Any data that a modern computer needs to process must be converted into a digital signal made up of binary digits. Binary is a number system used by computers that has just two possible values, 1 and 0. These binary digits, called ‘bits’, are used to store data. 

Binary Counter Demonstration (2021) by The National Museum of ComputingThe National Museum of Computing

Demonstration of counting using binary numbers

GEC Electronic Tube (Thermionic Valve/Vacuum Tube) (First introduced in 1956) by General Electric Company (GEC)The National Museum of Computing

Computer processing using electronic switches

Simply, a computer processor is a collection of switches in an ‘on’ or ‘off’ position, represented by the binary digits 1 or 0.  A computer processes data by turning the switches on or off in sequence. A valve (pictured) is an example of an electronic switch.     

Colossus Rebuild (2008) by Tony SaleThe National Museum of Computing

The first entirely digital semi-programmable computer

A computer processes information using devices such as valves, relays or transistors; a valve or a transistor is an electronic switch and amplifier. The revolutionary WWII codebreaking machine Colossus, the first all-digital semi-programmable computer, has over 2,500 valves.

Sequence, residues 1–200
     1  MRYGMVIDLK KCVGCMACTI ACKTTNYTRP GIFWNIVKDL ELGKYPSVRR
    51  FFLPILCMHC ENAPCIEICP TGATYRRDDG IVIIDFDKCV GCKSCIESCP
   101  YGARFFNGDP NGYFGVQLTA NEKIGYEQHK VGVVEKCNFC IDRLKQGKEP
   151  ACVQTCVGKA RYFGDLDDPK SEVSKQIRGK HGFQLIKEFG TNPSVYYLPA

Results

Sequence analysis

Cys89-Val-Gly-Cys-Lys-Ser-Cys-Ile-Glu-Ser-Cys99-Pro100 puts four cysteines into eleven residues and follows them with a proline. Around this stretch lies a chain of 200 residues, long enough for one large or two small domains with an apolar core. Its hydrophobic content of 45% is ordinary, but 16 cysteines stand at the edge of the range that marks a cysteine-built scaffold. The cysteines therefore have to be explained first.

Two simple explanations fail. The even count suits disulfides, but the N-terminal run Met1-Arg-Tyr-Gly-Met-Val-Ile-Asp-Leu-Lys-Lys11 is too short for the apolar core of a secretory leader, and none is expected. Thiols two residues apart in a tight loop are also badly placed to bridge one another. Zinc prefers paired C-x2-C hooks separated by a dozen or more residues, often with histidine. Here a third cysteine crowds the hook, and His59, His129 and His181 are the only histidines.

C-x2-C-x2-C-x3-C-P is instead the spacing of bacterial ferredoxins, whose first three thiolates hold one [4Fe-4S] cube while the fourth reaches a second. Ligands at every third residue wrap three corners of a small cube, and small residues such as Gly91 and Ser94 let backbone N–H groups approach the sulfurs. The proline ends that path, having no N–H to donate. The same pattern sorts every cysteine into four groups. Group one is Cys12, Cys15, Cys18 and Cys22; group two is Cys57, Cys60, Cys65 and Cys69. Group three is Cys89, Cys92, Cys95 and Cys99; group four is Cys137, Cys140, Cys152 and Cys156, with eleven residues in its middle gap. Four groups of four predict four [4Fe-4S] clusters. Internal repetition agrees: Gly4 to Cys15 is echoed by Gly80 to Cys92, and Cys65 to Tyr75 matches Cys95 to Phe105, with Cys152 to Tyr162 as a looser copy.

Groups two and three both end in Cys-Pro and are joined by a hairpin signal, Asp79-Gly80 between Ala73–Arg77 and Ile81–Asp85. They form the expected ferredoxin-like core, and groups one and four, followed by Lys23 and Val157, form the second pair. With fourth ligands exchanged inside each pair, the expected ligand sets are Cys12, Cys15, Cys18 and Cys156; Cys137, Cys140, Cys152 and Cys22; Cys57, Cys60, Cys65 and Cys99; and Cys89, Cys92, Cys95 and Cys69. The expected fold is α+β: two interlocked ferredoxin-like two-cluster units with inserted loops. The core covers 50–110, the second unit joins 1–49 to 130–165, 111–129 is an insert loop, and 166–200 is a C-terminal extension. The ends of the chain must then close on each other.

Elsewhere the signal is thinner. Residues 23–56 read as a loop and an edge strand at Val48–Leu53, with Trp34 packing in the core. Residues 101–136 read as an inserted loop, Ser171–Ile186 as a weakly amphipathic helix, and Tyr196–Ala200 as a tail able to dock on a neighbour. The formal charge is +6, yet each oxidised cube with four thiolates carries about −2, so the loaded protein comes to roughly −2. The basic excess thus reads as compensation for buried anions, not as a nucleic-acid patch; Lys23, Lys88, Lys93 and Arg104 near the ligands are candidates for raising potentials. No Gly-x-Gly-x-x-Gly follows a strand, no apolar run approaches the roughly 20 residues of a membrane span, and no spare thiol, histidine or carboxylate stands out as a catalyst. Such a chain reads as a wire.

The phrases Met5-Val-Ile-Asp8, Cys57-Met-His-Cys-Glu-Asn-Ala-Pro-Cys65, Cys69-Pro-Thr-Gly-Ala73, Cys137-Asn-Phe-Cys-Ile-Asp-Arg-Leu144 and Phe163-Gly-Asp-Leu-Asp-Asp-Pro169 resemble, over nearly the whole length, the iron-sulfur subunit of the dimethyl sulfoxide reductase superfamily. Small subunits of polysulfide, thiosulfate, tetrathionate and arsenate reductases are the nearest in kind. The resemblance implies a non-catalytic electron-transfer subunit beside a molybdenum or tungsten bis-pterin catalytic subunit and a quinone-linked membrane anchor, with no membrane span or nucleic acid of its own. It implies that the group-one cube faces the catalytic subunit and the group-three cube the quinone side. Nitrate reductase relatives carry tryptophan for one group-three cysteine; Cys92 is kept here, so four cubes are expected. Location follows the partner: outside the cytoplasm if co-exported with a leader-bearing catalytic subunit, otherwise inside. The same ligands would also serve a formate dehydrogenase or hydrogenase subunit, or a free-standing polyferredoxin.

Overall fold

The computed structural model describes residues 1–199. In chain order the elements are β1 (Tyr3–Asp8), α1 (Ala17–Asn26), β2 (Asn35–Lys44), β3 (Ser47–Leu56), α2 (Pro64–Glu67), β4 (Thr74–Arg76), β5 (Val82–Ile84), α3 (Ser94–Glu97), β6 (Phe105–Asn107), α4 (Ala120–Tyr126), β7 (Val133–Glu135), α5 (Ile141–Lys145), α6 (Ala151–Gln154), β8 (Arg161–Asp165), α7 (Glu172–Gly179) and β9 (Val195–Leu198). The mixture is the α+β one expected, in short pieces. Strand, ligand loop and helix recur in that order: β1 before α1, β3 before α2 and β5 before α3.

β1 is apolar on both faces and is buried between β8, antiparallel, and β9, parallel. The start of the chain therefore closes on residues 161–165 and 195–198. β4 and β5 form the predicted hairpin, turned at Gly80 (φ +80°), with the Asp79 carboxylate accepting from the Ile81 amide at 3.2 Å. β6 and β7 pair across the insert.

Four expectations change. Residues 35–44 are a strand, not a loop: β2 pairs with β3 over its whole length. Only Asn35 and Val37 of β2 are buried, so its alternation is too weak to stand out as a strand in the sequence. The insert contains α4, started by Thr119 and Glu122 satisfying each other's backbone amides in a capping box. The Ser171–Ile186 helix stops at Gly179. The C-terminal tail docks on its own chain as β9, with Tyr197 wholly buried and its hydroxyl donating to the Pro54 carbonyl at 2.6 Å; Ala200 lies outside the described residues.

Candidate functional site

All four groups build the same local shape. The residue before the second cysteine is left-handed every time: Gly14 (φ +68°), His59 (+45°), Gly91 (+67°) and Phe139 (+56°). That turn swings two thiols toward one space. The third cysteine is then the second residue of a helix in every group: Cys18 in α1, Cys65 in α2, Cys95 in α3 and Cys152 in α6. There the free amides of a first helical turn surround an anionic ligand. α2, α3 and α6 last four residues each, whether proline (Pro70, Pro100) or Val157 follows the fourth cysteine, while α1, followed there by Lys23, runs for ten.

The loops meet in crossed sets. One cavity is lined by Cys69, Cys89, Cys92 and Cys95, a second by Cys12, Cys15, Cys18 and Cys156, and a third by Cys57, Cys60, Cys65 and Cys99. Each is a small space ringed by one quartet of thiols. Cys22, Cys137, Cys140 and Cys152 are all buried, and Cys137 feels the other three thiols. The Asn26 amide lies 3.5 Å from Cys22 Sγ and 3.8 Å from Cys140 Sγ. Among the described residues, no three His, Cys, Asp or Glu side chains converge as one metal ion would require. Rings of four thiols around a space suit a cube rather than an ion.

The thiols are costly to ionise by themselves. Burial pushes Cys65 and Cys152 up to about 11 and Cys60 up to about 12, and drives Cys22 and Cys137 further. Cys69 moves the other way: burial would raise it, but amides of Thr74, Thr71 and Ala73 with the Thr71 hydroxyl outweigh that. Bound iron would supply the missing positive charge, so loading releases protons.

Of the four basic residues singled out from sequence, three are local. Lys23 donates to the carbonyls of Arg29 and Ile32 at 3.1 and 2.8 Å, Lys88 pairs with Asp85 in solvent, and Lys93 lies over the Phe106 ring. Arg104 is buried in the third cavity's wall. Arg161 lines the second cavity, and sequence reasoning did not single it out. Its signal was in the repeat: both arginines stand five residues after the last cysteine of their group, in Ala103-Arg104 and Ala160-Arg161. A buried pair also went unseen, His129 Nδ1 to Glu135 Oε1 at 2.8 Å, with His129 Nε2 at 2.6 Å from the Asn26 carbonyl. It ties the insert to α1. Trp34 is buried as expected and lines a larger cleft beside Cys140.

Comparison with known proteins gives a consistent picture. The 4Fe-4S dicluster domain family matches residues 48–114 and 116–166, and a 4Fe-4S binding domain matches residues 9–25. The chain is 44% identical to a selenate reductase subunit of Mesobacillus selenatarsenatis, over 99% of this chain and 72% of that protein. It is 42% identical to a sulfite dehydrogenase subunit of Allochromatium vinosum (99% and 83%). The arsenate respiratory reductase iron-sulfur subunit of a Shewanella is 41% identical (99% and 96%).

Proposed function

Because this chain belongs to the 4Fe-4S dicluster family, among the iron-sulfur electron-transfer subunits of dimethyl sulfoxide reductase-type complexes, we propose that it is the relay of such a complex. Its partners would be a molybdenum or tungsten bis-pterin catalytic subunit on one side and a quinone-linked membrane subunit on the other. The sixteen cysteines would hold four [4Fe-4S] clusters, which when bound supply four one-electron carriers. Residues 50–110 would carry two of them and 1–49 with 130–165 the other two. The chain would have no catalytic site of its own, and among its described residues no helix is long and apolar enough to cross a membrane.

PACE TR48 Analogue Computer (1961) by Electronics Associates Incorporated (EAI)The National Museum of Computing

Analogue circuits

Most of the essential components that make up an electronic circuit are analogue. Typically, analogue circuits are a complex combination of components, which makes them more challenging to design compared to the equivalent digital application. 

Raspberry Pi 3 Computer (2016) by Raspberry PiThe National Museum of Computing

Digital circuits

Easier to design than their analogue counterparts, digital circuits are more expensive to build; ordinarily consisting of logic gates, transistors and microchips. Generally, a digital signal will use two values, one high voltage and one low voltage; a binary form of signalling. 

Mini-ITX Printed Circuit Board/Motherboard (2000s) by IntelThe National Museum of Computing

Modern day information processing

Today, computer processors use billions of transistors etched onto a silicon chip, which are activated when they receive an electronic signal. It is not unusual to have a circuit that uses both analogue and digital components, operated using an analogue to digital converter.   

Credits: Story

With thanks to Bedford Aeronautical Heritage Group (BAHG) who so kindly provided information and photographs concerning the application of the PACE TR48 analogue computer at the Royal Aircraft Establishment (RAE), Bedford. 

Credits: All media
The story featured may in some cases have been created by an independent third party and may not always represent the views of the institutions, listed below, who have supplied the content.